“ Which when the valiant knight, Margareton,
“One of king Priam's bastard children,” &c. Steevens.

- waving his beam,] i. e. his lance like a weaver's beam, as Goliath's spear is described. So, in Spenser's Fairy Queen, B. III, vii, 40:

“ All were the beame in bignes like a mast." Steevens.
- pashed - ) i. e. bruised, crushed. So, before, Ajax says:
"I'll pash him o'er the face.” Steevens.

Before the belching whale; then is he yonder,
And there the strawy Greeks,? ripe for his edge,

6 scaled sculls - ) Sculls are great numbers of fishes swimming together. The modern editors, not being acquainted with the term, changed it into shoals. My knowledge of this word is derived from Bullokar’s English Expositor, London, printed by John Legatt, 1616. The word likewise occurs in Lyly's Midas, 1592: “He hath, by this, started a covey of bucks, or roused & scull of pheasants." The humour of this short speech consists in a misapplication of the appropriate terms of one amusement to another. Again, in Milton's Paradise Lost, B. VII, v. 399, &c.:

each bay
With fry innumerable swarms, and shoals
“Of fish, that with their fins and shining scales
“Glide under the green wave, in sculls that oft

“ Bank the mid sea."
Again, in the 26tb Song of Drayton's Polyolbion :
“ My silver-scaled sculs about my streams do sweep."

Steedene Scaled means here dispersed, put to Hight. This is proved decisively by the original reading of the quarto, scaling, which was ei. ther changed by the poet himself to scaled, (with the same sense) or by the editor of the folio If the latter was the case, it is probable that not being sufficiently acquainted with our author's manner, who frequently uses the active for the passive participle, he supposed that the epithet was merely descriptive of some quality in the thing described.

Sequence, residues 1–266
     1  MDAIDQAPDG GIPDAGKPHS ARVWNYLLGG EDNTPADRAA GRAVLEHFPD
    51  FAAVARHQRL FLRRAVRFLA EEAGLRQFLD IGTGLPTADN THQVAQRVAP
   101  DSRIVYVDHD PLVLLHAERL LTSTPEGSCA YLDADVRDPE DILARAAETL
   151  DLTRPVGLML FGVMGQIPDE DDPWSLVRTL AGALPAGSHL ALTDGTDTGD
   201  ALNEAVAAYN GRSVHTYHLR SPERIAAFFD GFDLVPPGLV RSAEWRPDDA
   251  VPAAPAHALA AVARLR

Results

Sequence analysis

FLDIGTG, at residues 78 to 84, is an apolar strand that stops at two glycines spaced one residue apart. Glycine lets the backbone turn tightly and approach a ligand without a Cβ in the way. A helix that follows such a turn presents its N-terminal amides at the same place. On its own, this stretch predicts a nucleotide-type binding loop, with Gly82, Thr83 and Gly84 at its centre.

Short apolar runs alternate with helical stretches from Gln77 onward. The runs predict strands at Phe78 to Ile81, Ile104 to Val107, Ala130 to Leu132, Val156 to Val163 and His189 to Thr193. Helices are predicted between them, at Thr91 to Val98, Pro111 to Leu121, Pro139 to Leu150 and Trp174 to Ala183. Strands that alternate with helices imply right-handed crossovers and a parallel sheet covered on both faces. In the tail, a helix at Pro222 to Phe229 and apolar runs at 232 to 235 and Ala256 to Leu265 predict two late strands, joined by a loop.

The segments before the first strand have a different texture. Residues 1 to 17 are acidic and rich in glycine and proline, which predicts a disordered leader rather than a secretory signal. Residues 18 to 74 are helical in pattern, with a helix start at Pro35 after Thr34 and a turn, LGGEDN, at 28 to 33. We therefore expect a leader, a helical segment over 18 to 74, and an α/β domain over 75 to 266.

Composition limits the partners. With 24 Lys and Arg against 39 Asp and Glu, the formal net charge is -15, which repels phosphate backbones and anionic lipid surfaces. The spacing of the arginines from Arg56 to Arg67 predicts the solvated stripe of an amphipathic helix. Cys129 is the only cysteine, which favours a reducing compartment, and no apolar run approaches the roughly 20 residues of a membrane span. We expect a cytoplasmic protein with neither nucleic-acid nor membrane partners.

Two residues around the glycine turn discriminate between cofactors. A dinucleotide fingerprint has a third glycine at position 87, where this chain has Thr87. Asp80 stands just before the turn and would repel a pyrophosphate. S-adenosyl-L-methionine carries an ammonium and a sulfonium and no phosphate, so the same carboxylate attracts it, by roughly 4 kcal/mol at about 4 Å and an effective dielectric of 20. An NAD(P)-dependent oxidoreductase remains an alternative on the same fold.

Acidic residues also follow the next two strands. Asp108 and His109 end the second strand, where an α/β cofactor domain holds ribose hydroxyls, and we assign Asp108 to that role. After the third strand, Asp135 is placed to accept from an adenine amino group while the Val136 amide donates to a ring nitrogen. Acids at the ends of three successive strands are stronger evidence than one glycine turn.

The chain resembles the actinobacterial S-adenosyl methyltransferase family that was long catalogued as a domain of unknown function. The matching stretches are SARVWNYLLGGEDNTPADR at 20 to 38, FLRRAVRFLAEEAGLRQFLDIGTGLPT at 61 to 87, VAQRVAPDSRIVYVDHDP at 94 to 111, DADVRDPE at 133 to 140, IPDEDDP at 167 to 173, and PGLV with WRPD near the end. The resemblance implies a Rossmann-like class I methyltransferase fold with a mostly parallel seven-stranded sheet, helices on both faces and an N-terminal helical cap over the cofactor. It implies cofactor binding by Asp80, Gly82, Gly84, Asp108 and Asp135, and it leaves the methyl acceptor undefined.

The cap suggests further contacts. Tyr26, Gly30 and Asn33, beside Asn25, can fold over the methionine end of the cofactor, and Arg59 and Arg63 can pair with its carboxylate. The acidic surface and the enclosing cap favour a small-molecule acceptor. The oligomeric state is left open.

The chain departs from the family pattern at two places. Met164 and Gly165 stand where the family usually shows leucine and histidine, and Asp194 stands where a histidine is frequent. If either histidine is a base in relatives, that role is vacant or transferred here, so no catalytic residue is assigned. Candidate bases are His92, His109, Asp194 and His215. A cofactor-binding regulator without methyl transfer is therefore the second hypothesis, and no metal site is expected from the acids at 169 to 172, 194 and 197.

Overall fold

The passage quoted above from Drayton does not militate against this interpretation. There the added epithet silver shows that the word scaled is used in its common sense; as the context here (to say nothing of the evidence arising from the reading of the oldest copy) ascertains it to have been employed with the less usual signification already stated.

66 The cod from the banks of Newfoundland (says a late writer) pursues the whiting, which flies before it even to the southern shores of Spain The cachalot, a species of whale, is said, in the same manner, to pursue a shoal of herrings, and to swallow hundreds in a mouthful.” Knox's History of Fish, 8vo. 1787. The throat of the cachalot (the species of whale alluded to by Shakspeare) is so large, that, according to Goldsmith, he could with ease swallow an ox. Malone.

Sculls and shoals have not only one and the same meaning, but are actually, or at least originally, one and the same word. A scull of herrings (and it is to those fish that the speaker alludes) so termed on the coast of Norfolk and Suffolk, is elsewhere called a shoal. Ritson. the strawy Greeks,] In the folia it is the straying Greeks.

Fohnson.

Fall down before him, like the mower's swath ::
Here, there, and every where, he leaves, and takes;
Dexterity so obeying appetite,
That what he will, he does ; and does so much,
That proof is call'd impossibility.

Enter Ulysses.